Less than an hour before the House takes up the new $700 billion financial bailout bill, President Bush moved to assure Americans that the plan is good for the country.

"I'm confident that this rescue plan along with other measures taken by the Treasury Department and the Federal Reserve will begin to restore strength and stability to America's financial system and overall economy," Bush said in a four-minute speech Monday morning at the White House. "And I'm confident in that in long run, America will overcome these challenges and remain the most dynamic and productive economy in the world."

Bush urged Congress to pass the bailout bill the leading lawmakers fashioned in marathon weekend bargaining, saying it is needed to "keep the crisis in our financial industry from spreading" across the economy.

Bush argued that jittery U.S. taxpayers will benefit from a number of safeguards that lawmakers wrote into the pending legislation during weekend negotiations on Capitol Hill, including checks and balances on the operation of the program.

The president spoke shortly after two leading players in the Hill bargaining went on television news shows to urge passage, even as both acknowledged the necessity of this action represents a sad day for the nation.

Asked if the compromise bill indeed will go through Congress, Sen. Chris Dodd, D-Conn., replied: "We hope so."

But the Connecticut senator, chairman of the Banking Committee, also said the bill is not a panacea for all the problems that have bedeviled the U.S. financial markets. He also said, though, that failure to act would spread the contagion of frozen credit markets even further. "This is not just about Wall Street," Dodd said. He said that it's "potentially going to hurt other people across the country."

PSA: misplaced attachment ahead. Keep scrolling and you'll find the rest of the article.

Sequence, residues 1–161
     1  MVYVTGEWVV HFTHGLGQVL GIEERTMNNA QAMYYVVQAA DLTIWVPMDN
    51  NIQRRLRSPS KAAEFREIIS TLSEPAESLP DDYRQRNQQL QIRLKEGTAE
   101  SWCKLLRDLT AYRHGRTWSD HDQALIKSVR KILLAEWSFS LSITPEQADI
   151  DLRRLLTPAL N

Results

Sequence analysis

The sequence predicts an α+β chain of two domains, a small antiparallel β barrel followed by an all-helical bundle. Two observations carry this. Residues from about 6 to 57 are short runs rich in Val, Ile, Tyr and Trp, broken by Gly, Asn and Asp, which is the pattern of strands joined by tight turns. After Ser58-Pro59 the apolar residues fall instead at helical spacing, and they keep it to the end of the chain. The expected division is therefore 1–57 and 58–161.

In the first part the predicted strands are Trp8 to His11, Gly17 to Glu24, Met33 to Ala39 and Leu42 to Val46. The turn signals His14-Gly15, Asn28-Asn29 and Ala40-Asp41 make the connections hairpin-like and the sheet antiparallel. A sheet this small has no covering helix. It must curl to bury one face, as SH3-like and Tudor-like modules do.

Sen. Judd Gregg, R-N.H., who represented fellow Republicans in the weekend talks, called it a "tourniquet" for the ailing financial industry and slow-moving economy.

The latest assessments of prospects for passage came as investors worldwide and in early trading in the United States continued to show doubt about whether the bill would go through, much less go a long way toward curing the systemic problems that have unnerved financial markets across the globe for weeks.

The House was slated to vote later Monday on the deeply unpopular rescue package for the stressed financial industry. Bush on Sunday conceded this was a difficult vote in an election year — and repeated that sentiment in his statement Monday morning.

But he called a vote for the bill "a vote to prevent economic damage" to communities across the country.

He also said the legislation addresses the root cause of the problem — "assets related to home mortgages that have lost value during the housing decline."

And the president noted that under provisions of the pending bill, "the federal government will be authorized to purchase these assets" and said that will help financial institutions to resume lending to individuals and businesses.

"I know many Americans are worried about the cost of the bill," Bush said. But he also said the nonpartisan Congressional Budget Office and the federal Office of Management and Budget expect that the "ultimate cost to the taxpayer" will be much less.

The Associated Press contributed to this report.